RFHPC122: A Look at the New TOP500

Top500In this podcast, the Radio Free HPC team reviews the latest TOP500 list of the world’s fastest supercomputers.

The 48th edition of the TOP500 list saw China and United States pacing each other for supercomputing supremacy. Both nations now claim 171 systems apiece in the latest rankings, accounting for two-thirds of the list. However, China has maintained its dominance at the top of the list with the same number 1 and 2 systems from six months ago: Sunway TaihuLight, at 93 petaflops, and Tianhe-2, at 34 petaflops. This latest edition of the TOP500 was announced Monday, November 14, at the SC16 conference in Salt Lake City, Utah.

After US and China, Germany claims the most systems with 32, followed by Japan with 27, France with 20, and the UK with 17. A year ago the US was the clear leader with 200 systems, while China had 108, Japan had 37, Germany had 33, and both France and the UK had 18.

In addition to matching each other in system count in the latest rankings, China and the US are running neck and neck in aggregate Linpack performance. The US holds the narrowest of leads, with 33.9 percent of the total; China is second with 33.3 percent. The total performance of all 500 computers on the list is now 672 petaflops, a 60 percent increase from a year ago.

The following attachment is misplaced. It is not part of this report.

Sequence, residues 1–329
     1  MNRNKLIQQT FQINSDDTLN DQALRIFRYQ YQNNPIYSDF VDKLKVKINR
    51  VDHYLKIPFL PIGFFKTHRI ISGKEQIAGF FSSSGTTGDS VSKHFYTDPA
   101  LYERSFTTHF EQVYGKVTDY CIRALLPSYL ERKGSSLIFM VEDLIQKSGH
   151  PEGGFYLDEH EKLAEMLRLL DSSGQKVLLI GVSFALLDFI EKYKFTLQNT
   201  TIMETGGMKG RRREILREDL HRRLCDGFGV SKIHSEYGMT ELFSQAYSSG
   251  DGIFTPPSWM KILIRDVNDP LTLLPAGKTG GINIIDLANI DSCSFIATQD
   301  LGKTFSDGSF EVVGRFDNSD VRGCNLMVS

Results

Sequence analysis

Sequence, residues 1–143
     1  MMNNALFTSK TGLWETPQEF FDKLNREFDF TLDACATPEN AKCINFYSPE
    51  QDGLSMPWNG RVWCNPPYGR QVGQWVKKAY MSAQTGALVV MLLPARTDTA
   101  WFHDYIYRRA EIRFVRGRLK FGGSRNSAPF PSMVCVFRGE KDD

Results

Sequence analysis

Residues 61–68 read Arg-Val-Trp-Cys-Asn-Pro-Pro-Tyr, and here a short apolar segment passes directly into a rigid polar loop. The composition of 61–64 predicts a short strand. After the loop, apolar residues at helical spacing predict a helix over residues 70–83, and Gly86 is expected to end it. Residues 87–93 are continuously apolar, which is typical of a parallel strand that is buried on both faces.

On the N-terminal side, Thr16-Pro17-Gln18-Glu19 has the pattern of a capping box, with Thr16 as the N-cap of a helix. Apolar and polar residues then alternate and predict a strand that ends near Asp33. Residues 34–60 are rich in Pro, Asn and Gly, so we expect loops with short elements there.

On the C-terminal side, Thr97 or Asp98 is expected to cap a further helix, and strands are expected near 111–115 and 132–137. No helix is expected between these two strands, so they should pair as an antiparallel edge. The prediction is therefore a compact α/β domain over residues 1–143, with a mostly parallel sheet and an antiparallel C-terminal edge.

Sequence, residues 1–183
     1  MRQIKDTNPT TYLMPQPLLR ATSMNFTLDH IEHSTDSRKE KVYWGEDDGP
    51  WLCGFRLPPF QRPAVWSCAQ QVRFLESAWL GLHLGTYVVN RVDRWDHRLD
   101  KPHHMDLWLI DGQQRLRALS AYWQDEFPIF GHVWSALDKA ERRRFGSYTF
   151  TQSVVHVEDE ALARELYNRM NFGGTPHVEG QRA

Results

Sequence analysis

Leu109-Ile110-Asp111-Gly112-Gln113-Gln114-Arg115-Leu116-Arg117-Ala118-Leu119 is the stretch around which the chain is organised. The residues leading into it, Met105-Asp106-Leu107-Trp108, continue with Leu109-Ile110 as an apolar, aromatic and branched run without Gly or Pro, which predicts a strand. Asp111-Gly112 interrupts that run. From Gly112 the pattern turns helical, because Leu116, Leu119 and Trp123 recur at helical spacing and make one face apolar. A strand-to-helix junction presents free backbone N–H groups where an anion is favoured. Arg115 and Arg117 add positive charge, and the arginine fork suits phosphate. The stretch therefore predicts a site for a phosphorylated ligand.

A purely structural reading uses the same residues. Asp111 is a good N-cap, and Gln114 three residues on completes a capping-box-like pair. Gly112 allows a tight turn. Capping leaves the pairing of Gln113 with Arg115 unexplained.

The top of the list did receive a mild shakeup with two new systems in the top ten.
The Cori supercomputer, a Cray XC40 system installed at Berkeley Lab’s National
Energy Research Scientific Computing Center (NERSC), slipped into the number 5
slot with a Linpack rating of 14.0 petaflops. Right behind it at number 6 is the new
Oakforest-PACS supercomputer, a Fujitsu PRIMERGY CX1640 M1 cluster, which
recorded a Linpack mark of 13.6 petaflops. Oakforest-PACS is up and running at Japan’s Joint Center for Advanced High Performance Computing (JCAHPC). Both machines owe their computing prowess to the Intel “Knights Landing” Xeon Phi 7250, a 68-core processor that delivers 3 peak teraflops of performance. The addition of Cori and Oakforest-PACS pushed every system below them a couple of notches down, with the exception of Piz Daint, a Cray supercomputer installed at the Swiss National Supercomputing Centre (CSCS). It maintained its spot at number 8 as a result of a massive 3.5 petaflop upgrade, courtesy of newly installed NVIDIA P100 Tesla GPUs.

SC16Piz Daint also has the honor of being the second most energy-efficient supercomputer in the TOP500, with a rating of 7.45 gigaflops/watt. It is topped by NVIDIA’s in-house DGX Saturn V system, the only other system on the list equipped with the new P100 GPUs. It is a 3.3-petaflop cluster of DGX-1 servers that delivers 8.18 gigaflops/watt. To offer some perspective here, the nominal goal for the first exascale systems is 50 gigaflops/watt.

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See our complete coverage of SC16, which takes place Nov. 13-18 in Salt Lake City.